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Accounting Utilities Manual

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Way back a long time ago, Thompson and Ritchie were sitting opposite one another at the commissary, sipping coffees and discussing their evolving behemoth.

"This behemoth of ours," said Ken, "is becoming rather popular, wouldn't you say?" "Yes," said Dennis. "Every time I want to do a compilation, I have to wait for hours and hours. It's infuriating." They both agreed that the load on their system was too great. Both sighed, picked up their mugs, and went back to the workbench. Little did they know that an upper-management type was sitting just within earshot of their conversation.

"We are AT&T Bell Laboratories, aren't we?" the upper-management type thought to himself. "Well, what is our organization best known for?" The brill-cream in his hair glistened. "Screwing people out of lots of money, of course! If there were some way that we could keep tabs on users and charge them through the nose for their CPU time..."

The accounting utilities were born.

Seriously though, the accouting utilities can provide a system administrator with useful information about system usage--connections, programs executed, and utilization of system resources.

Information about users--their connect time, location, programs executed, and the like--is automatically recored in files by init and login. Four of them are of interest to us: wtmp, which has records for each login and logout; acct, which records each command that was run; usracct and savacct, which contain summaries of the information in acct by user and command, respectively. Each of the accounting utilities reports or summarizes information stored in these files.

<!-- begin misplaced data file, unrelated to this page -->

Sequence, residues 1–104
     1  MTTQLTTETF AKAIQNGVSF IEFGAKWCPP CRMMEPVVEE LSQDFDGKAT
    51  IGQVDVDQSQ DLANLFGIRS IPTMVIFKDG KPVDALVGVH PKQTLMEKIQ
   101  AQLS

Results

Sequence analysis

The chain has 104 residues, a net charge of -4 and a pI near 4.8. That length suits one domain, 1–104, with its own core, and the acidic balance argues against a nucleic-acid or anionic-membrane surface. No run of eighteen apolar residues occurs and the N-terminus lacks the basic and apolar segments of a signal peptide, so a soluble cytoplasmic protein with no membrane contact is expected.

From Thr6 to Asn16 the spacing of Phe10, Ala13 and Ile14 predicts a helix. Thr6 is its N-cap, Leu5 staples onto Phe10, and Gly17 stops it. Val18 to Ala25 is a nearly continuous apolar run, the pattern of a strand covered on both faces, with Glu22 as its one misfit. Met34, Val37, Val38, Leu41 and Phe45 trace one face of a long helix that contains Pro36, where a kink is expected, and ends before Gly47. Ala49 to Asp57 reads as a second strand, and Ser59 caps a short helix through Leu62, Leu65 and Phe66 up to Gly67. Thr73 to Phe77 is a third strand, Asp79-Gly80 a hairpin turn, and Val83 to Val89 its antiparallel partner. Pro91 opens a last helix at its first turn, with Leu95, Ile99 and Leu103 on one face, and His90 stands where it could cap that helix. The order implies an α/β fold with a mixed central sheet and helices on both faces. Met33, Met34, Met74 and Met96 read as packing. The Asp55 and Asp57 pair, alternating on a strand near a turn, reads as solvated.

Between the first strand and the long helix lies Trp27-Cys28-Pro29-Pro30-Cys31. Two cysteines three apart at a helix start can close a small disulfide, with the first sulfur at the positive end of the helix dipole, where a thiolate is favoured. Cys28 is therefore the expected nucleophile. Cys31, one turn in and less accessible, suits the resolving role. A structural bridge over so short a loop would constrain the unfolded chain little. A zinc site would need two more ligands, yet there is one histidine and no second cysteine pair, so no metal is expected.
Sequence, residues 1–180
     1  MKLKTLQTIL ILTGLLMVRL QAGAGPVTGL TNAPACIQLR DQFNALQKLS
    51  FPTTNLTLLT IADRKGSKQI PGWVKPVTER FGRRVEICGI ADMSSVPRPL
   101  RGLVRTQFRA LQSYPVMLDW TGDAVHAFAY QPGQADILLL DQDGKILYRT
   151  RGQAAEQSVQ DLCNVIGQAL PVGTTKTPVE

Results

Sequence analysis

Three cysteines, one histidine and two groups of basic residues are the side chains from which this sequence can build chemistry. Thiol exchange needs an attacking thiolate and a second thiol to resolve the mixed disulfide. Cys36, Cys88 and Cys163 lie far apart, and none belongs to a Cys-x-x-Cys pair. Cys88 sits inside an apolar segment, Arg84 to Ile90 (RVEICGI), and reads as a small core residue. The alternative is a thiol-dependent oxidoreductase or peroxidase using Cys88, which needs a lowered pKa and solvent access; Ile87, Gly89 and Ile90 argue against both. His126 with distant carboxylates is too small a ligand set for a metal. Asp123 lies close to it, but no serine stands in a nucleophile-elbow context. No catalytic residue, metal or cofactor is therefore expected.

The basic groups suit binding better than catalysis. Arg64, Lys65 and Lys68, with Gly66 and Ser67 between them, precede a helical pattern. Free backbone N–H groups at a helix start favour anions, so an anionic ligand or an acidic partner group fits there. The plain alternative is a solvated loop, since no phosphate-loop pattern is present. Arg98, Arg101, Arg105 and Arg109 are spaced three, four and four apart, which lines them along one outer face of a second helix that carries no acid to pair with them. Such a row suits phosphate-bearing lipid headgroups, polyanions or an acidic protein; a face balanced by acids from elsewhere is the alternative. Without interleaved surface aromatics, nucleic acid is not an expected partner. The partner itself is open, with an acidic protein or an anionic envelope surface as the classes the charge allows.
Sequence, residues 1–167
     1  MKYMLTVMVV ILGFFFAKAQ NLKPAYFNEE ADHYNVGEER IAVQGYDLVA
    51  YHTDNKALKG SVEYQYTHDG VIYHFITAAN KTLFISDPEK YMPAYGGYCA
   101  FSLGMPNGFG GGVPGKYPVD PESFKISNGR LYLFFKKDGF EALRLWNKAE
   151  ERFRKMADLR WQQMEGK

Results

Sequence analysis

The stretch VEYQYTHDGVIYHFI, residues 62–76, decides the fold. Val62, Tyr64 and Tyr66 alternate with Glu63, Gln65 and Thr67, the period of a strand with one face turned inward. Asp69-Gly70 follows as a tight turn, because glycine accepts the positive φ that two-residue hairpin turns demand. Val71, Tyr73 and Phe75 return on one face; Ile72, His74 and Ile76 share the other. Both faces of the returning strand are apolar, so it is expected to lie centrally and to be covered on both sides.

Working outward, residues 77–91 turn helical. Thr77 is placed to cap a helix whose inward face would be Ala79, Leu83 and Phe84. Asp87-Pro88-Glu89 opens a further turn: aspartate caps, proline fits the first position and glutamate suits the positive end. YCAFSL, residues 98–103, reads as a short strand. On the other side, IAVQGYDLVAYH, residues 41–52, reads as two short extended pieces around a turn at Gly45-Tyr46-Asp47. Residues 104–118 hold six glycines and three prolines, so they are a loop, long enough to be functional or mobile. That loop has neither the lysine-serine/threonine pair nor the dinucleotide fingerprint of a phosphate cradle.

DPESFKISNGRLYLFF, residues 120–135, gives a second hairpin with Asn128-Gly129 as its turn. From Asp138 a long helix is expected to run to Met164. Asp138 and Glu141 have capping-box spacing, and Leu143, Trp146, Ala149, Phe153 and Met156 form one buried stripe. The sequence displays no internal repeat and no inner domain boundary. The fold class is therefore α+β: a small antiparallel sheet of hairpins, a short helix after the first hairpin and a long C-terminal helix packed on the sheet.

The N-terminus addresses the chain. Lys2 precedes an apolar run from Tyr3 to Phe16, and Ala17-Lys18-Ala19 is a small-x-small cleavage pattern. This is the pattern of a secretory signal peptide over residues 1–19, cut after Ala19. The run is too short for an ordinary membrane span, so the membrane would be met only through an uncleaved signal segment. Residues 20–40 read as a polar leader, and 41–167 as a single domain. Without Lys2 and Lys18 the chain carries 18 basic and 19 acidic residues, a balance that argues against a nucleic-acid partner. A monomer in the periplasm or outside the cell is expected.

prints statistics about users' connect time. ac can tell you how long a particular user or group of users were connected to your system, printing totals by day or for all of the entries in the wtmp file.

turns accounting on or off.

lists the logins on the system, most recent first. With last, you can search the wtmp file for a particular user or terminal name (to which the user was connected). Of special interest are two fake users, `reboot' and `shutdown', which are recorded when the system is shut down or reboots.

lists the commands executed on the system, most recent first, showing the run state of each command. With last, you can search the acct file for a particular user, terminal, or command.

summarizes the information in the acct file into the savacct and usracct file. It also generates reports about commands, giving the number of invocations, cpu time used, average core usage, etc.

display acct and utmp files in a human-readable format.

For more detailed information on any of these programs, check the chapter with the program title.

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